22. Seems like Conti has the "formula" down for a fast tire, looking at their website they have a TT tire that they indicate as an even faster tire than the Force, any reason you didn't test that or is that the Supersonic with a new name?

    Thanks,
    Jason

  23. DrJ,

    At the time of this test (nearly a year ago now), that list of tires is what our followers asked us to test. From what we could see, the tires we picked were the best/most interesting choices. The TT could definitely be a good tire to test, but we had to draw the line somewhere. Perhaps we will test the tire next time.

    I hope that makes sense,

    Chris

  24. So obviously these tests were in regard to the front tire. What are the thoughts on the rear tire choice? Are aerodynamics as important/less important? Or is rolling resistance more important?

  25. DrJ,

    I'd still use the tire with the lowest total watts possible for the rear wheel. Different bikes, riders, set ups etc. will change the rear wheel aerodynamics for almost every rider, so it's hard to say exactly what is more important, unless you study a specific rider individually.

    I hope that makes sense.

    Chris

  26. One issue I have with the combined data(Drag + resistance) the drag was recorded @95psi while the resistance was @ 120psi, so the combined result of you number could never be ridden in reality.

    You should redo resistance test @ 95psi to be inline with the drag test.

    -Matt

  27. Matt,

    The pressure was set to 120psi, because a thinner rim was used. When compared to our wider rims, the 120psi on a thinner rim produces pretty much the exact same results as 95psi on a wider rim.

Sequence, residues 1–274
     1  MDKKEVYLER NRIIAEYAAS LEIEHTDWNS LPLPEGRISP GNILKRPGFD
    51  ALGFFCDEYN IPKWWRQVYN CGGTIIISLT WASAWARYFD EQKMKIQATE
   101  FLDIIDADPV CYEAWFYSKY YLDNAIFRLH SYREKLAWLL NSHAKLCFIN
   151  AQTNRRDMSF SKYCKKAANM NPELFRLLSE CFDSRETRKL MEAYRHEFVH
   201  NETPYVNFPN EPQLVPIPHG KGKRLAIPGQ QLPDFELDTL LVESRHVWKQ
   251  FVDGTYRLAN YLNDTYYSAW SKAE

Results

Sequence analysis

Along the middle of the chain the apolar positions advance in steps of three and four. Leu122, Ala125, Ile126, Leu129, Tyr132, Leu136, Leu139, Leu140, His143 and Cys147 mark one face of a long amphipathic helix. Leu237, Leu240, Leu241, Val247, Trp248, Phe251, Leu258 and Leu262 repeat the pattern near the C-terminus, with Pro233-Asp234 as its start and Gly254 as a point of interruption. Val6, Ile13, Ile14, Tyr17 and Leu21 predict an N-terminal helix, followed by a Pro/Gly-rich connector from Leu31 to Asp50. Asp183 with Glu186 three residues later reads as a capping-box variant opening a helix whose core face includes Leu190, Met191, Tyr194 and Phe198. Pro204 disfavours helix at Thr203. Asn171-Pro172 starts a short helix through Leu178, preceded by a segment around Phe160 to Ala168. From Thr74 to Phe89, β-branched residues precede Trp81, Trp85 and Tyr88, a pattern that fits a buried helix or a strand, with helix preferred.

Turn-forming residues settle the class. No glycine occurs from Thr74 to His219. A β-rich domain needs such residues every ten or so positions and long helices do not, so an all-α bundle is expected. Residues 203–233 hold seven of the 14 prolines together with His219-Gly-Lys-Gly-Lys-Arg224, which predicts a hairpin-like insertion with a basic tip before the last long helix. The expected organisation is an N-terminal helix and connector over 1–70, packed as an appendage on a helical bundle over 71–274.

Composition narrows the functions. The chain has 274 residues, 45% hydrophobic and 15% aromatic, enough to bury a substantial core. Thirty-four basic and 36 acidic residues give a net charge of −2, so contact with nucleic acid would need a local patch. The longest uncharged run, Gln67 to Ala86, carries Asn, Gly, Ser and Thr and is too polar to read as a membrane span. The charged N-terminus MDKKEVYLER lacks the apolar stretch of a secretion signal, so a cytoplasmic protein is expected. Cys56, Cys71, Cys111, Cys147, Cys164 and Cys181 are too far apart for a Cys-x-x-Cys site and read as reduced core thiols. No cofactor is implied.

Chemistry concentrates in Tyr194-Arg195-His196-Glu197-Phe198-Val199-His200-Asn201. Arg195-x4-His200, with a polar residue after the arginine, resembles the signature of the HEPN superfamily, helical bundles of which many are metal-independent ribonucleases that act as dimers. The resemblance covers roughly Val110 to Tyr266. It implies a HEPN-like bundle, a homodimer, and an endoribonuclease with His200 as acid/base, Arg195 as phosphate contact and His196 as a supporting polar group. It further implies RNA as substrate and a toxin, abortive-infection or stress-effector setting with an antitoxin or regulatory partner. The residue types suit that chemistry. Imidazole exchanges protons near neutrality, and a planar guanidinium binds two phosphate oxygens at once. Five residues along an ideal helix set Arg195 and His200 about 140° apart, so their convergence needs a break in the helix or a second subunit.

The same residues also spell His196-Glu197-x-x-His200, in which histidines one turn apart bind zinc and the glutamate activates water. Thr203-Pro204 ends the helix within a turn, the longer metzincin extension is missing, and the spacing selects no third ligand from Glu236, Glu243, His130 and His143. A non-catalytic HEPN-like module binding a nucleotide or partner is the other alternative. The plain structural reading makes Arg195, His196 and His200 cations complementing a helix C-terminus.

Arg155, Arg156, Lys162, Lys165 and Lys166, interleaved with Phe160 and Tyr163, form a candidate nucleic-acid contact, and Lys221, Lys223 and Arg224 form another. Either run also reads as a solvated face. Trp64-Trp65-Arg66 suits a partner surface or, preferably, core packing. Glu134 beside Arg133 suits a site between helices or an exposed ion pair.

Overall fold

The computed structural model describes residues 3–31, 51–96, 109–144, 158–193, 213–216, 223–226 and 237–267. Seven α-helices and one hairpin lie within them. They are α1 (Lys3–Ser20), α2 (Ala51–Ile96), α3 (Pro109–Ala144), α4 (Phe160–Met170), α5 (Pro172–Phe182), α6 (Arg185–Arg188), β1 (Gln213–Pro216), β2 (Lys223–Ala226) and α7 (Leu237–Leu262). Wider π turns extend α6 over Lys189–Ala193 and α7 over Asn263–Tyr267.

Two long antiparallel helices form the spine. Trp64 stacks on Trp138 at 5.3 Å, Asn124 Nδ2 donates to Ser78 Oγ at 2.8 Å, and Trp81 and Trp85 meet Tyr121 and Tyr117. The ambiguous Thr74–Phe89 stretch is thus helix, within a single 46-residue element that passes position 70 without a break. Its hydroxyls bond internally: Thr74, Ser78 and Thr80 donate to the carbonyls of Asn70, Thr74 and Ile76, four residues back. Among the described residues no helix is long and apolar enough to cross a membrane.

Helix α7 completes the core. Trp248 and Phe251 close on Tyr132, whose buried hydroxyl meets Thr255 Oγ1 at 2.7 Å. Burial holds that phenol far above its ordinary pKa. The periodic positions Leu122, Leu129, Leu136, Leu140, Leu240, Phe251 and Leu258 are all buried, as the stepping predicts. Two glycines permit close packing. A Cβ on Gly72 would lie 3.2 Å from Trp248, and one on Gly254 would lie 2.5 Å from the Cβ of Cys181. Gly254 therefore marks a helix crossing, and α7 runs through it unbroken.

I hope the makes sense,

    Chris

  28. agreif,

    Yes, this is for all new tires. The hardest part about testing tire wear, is you have to test the exact same tire. To do this we would have had to have made multiple trips to the wind tunnel after wearing out a list of 20 tires.

    I hope that makes sense.

    Chris

  29. Hello,

    Thank you. I found this information very useful.

    I noticed that your aero/speed data/testing uses tires with tubes. Any testing with running these wheels tubeless (combo based or otherwise), and/or any recommended tire options for running tubeless (i.e. FLO recommends the Continental Force as the fastest tire for your wheels, anything for if you run tubeless)??

    Thanks,
    Andrea

  30. Andrea,

    Thanks for writing. The Hutchison Atom and the Schwalbe One ran in this test were both tubeless tires. They are both very close to each other in the list so both tires would yield a similar result.

    I hope that helps,

    Chris

  31. Hello,

    I am just wondering if you guys have ever tested any Michelin tires. I have used the Continental 4000's before but I feel the Michelins cut up less and wear very well.

    Thank you,

    Brendan

  32. Delighted to see this data, because I was already a 25mm GP4Ks fan, and thought I might be sacrificing pure speed performance in favor of ride quality and feeling secure to stay in my aero bars when the ride gets technical.
    Pleased to learn I can have the best of both worlds!

  33. Thomas Hands,

    Thanks for writing. Unfortunately, without specifically testing the FLO 45 with the two tires in a wind tunnel, it's tough to say exactly which tire would be faster on the FLO 45.

    I'm sorry that I can't give you more specific information.

    Take care,